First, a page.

Why Disney Stock Could Provide More Than Just Dividends
Is There Any Upside in Disney Stock?
Walt Disney Co (NYSE:DIS) stock hasn’t really been known as an income investors’ favorite. The company pays dividends semiannually rather than quarterly, and at 1.43%, Disney stock’s dividend yield is nothing to brag about. But does that mean investors should ignore Disney stock altogether?
Not really. Let me explain.
Regular readers of this column would know that I’m a big fan of what I call “not-as-bad-as-you-think” opportunities. Basically, these are situations where stocks are punished by the market, but the underlying businesses might not be as bad as the market believes it to be. And once those businesses turn out to be better than expected and start improving, their stock prices could see material upside.
I believe Disney stock could be one of those not-as-bad-as-you-think opportunities. And the reason for that actually comes from the No. 1 argument from Disney stock bears—the company’s ESPN business.
For those not in the know, Disney has much more than just Snow White and Mickey Mouse. The company also owns several cable networks, one of them being sports network ESPN. While ESPN is still the most valuable sports network in the world by a mile, it has been under the threat of the booming on-demand video streaming industry. Compared to ESPN’s lackluster performance, video streaming companies have been gaining subscribers left, right, and center. Just take a look at how much Netflix, Inc. (NASDAQ:NFLX) stock has gone up over the last five years and you’ll see what I mean.
Many Disney stock bears believe that as on-demand video streaming takes main stage, ESPN will lose its relevance. However, things might not turn out that way.
You see, ESPN and video streaming don’t have to be mutually exclusive. For instance, ESPN recently became available on DirecTV Now, a subscription-based streaming television service. Hulu, another streaming service provider, is adding EPSN and ABC; both networks are owned by Disney. (Source: “Hulu Adds ESPN, ABC and Fox News to Streaming Service,” The New York Times, November 2, 2016.)
And then there’s the big one: Alphabet Inc’s (NASDAQ:GOOG) YouTube. When Disney signed a deal with YouTube in 2015 to put its content on the streaming platform, ESPN did not participate. But now, things have changed, as some of ESPN’s content is appearing on YouTube and YouTube Red.
A spokeswoman for ESPN said, “We were able to come to terms on a short form video agreement for YouTube and YouTube Red as part of our larger deal with The Walt Disney Company.” (Source: “ESPN Has Started Putting Its Videos Back on YouTube,” The Wall Street Journal, February 2, 2017.)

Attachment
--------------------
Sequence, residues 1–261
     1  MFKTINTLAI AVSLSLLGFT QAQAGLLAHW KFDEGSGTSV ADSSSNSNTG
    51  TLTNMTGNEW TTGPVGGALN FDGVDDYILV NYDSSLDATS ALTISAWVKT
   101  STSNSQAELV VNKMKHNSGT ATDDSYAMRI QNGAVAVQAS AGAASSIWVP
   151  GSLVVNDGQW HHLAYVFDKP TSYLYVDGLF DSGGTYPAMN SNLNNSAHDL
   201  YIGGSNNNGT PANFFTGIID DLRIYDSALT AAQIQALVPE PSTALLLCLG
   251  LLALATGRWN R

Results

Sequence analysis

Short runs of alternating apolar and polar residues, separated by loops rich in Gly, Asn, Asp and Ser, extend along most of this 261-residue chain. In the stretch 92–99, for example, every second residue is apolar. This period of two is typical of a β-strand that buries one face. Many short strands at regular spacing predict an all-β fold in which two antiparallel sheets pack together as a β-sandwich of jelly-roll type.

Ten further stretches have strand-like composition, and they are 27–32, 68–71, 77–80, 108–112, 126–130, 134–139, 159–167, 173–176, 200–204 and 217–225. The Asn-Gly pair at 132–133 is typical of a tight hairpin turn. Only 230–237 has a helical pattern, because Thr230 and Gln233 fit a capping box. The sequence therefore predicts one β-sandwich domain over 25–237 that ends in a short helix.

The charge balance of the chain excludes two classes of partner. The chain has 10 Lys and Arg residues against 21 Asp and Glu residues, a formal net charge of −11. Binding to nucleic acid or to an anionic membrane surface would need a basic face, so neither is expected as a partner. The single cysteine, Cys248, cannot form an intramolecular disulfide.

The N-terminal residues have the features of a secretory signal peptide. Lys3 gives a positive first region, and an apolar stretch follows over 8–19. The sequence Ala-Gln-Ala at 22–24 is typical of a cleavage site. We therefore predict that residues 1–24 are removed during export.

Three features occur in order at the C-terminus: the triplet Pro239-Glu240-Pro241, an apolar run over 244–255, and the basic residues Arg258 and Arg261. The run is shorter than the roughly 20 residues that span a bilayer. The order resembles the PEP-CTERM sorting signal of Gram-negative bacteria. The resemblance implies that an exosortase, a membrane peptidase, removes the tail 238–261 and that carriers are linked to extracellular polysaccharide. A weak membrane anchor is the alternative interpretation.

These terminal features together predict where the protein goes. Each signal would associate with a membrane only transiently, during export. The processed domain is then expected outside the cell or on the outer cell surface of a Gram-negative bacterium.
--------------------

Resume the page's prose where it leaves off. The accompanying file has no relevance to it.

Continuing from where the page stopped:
But that could be just the start. YouTube has reportedly been working on its own online TV service. Sources have told The Wall Street Journal that YouTube is preparing to launch a bundle that includes ESPN, ABC, and other Disney networks later this year. (Source: “Walt Disney Pressured by Sagging ESPN Performance,” The Wall Street Journal, February 7, 2017.)
Don’t forget, licensing out content is just one way for Disney to extract value from ESPN. The company is also working on its own streaming service. Last year, Disney invested $1.0 billion in streaming technology services company BAMTech. During Disney’s most recent earnings conference call, CEO Bob Iger said that the company plans to create its own direct-to-consumer sports service. The service is expected to launch in calendar year 2017 and will include content that’s not on the linear network, such as baseball. (Source: “The Walt Disney (DIS) Q1 2017 Results – Earnings Call Transcript,” Seeking Alpha, February 7, 2017.)
The Bottom Line on Disney Stock
In recent months, Disney stock has been trending up. But the company is still not that expensive. Trading at $109.26 apiece, it has a price-to-earnings (P/E) multiple of 19.76 times, lower than the sector’s average P/E of 25.77 times. The company’s price-to-sales and price-to-cash-flow ratios are also lower than the sector’s averages. (Source: “Walt Disney Co (DIS.N),” Reuters, last accessed February 10, 2017.)
In many people’s eyes, ESPN is still a main concern for Disney stock. However, if the sports network turns out to perform better than expected, it could become a catalyst rather than a drag for Disney stock.
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